As we continue to upload more and more of our lives to the web, the dangers of being hacked multiply. Our credit card numbers, our home addresses — they’re all there for the taking. That’s why so many security experts preach using a complicated password.
But sometimes, using a strong password isn’t enough. Just ask former Gizmodo writer Mat Honan. Mat’s world was turned upside down this weekend when a hacker gained access to his iCloud account, wiping his Mac, iPhone and iPad, thanks to Apple…
Honan explains how it all went down:
“At 4:50 PM, someone got into my iCloud account, reset the password and sent the confirmation message about the reset to the trash. My password was a 7 digit alphanumeric that I didn’t use elsewhere. When I set it up, years and years ago, that seemed pretty secure at the time. But it’s not. Especially given that I’ve been using it for, well, years and years.
The backup email address on my Gmail account is the same .mac email address. At 4:52 PM, they sent a Gmail password recovery email to the .mac account. Two minutes later, an email arrived notifying me that my Google Account password had changed.
At 5:00 PM, they remote wiped my iPhone. At 5:01 PM, they remote wiped my iPad. At 5:04, they remote wiped my MacBook Air.
A few minutes after that, they took over my Twitter. Because, a long time ago, I had linked my Twitter to Gizmodo’s they were then able to gain entry to that as well.”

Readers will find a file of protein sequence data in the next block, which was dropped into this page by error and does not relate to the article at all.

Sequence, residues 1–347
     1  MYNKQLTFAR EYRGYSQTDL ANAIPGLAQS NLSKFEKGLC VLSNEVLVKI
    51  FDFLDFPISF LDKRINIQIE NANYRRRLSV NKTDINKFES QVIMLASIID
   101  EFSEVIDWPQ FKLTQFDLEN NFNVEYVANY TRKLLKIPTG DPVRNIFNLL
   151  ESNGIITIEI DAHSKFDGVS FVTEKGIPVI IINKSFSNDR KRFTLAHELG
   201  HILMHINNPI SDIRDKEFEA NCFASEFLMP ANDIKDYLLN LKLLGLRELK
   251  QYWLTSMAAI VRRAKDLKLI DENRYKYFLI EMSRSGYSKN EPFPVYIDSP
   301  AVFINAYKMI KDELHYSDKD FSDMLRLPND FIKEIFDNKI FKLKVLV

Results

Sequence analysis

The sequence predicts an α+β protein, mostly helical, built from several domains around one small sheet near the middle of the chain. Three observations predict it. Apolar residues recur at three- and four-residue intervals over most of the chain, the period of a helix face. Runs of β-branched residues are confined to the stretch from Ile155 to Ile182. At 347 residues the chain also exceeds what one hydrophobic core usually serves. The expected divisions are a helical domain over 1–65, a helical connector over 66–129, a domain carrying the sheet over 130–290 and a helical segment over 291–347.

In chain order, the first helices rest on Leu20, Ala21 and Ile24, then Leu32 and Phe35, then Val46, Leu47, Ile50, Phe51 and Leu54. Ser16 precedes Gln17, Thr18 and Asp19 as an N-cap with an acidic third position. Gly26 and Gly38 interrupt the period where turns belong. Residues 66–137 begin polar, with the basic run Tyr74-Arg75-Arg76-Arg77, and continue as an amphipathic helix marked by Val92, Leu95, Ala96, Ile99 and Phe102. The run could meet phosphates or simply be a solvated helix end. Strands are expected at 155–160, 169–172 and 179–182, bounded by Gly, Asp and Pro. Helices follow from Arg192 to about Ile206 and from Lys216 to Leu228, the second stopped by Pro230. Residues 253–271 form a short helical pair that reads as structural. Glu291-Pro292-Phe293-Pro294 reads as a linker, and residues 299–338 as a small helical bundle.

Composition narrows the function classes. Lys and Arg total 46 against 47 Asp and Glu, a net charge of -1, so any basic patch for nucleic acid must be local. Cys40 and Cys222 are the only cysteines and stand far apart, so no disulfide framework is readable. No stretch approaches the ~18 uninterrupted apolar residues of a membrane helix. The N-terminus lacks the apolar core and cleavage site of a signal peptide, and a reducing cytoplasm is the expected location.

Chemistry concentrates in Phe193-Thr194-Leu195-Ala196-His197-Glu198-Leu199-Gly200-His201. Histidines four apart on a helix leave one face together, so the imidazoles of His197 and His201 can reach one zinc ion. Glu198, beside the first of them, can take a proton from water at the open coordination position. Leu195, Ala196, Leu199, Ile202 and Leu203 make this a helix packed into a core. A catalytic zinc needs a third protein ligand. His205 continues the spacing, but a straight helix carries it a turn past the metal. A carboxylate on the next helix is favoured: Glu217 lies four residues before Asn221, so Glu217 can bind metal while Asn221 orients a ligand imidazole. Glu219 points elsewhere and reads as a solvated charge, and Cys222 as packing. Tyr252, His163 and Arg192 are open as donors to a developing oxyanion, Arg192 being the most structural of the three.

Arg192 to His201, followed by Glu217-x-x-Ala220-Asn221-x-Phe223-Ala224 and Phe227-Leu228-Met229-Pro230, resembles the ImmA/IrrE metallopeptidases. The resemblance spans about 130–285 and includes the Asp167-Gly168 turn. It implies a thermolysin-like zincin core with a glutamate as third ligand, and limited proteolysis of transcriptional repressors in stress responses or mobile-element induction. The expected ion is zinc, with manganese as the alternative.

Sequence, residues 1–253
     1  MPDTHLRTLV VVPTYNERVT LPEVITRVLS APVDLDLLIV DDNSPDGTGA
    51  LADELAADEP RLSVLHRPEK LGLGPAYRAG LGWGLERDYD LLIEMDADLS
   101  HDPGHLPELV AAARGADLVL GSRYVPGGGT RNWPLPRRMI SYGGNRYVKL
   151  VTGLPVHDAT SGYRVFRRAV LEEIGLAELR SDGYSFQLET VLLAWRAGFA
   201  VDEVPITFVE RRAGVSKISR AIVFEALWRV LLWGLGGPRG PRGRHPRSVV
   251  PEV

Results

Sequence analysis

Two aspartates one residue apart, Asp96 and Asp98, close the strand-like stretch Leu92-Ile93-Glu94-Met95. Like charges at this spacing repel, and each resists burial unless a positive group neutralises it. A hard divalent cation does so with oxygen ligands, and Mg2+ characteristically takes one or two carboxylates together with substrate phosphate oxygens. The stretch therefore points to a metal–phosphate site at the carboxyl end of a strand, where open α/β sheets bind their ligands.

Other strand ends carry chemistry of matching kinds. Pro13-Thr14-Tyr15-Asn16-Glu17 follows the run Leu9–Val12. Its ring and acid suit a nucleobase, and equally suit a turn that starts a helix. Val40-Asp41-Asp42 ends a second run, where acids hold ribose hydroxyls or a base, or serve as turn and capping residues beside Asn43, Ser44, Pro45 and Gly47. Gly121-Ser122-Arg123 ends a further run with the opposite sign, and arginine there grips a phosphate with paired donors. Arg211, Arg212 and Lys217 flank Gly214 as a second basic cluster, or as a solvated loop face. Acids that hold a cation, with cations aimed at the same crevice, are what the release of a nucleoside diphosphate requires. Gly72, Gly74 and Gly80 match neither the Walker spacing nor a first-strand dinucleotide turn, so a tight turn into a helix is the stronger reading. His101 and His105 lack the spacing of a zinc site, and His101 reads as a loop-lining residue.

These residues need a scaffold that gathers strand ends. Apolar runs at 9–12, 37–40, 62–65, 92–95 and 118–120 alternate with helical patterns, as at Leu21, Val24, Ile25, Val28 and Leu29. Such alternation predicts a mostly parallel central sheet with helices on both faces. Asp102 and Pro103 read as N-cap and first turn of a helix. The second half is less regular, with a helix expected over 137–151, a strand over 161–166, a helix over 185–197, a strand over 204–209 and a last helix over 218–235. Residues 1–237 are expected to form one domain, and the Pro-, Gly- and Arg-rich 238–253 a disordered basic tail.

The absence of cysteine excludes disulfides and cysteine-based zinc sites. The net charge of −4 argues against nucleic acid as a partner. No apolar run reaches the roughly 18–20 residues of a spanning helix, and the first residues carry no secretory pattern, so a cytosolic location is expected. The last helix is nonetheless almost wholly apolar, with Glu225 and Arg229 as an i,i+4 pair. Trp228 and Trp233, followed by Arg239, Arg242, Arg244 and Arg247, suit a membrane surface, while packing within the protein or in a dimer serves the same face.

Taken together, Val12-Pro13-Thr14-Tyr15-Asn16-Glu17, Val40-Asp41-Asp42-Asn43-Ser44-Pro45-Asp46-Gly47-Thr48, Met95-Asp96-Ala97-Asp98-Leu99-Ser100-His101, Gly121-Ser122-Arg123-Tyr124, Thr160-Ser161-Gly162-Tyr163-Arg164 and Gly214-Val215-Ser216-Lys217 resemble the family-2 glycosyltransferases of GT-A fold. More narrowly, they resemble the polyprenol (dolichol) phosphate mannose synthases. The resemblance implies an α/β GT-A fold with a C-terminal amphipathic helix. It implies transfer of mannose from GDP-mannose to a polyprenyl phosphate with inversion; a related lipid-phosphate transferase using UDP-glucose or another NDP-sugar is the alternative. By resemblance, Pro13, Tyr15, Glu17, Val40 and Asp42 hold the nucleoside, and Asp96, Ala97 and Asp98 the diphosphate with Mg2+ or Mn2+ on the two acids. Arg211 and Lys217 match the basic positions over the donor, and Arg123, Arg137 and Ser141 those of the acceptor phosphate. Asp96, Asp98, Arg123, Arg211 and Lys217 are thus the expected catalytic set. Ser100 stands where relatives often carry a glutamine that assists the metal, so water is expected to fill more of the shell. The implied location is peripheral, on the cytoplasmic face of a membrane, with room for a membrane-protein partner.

And because he didn’t have any backups, Mat says he lost more than a year’s worth of photos, emails, and documents. Ouch. And apple said that none of this is recoverable without serious forensics.
So how did all of this happen? A brute force attack? A key logger? Nope, Apple essentially handed the hackers Mat’s iCloud password.
“Update three: I know how it was done now. Confirmed with both the hacker Apple. It wasn’t password related. They got in via Apple tech support and some clever social engineering that let them bypass security questions.”
Apparently, if someone can convince Apple that they are you, they can gain access to your iCloud account with very little effort. Granted, Mat Honan’s life is a little bit more public than most people’s (he’s also worked for Wired magazine). But this attack still highlights a very real weakness in Apple’s security.
In fact, we expect the company to make a statement regarding this situation at some point, if for no other reason then to reassure folks that this won’t happen again. Some people store their entire lives on iCloud. And if Apple ever wants to, at some point, become a medium for wireless mobile payments, it needs to feel safer.
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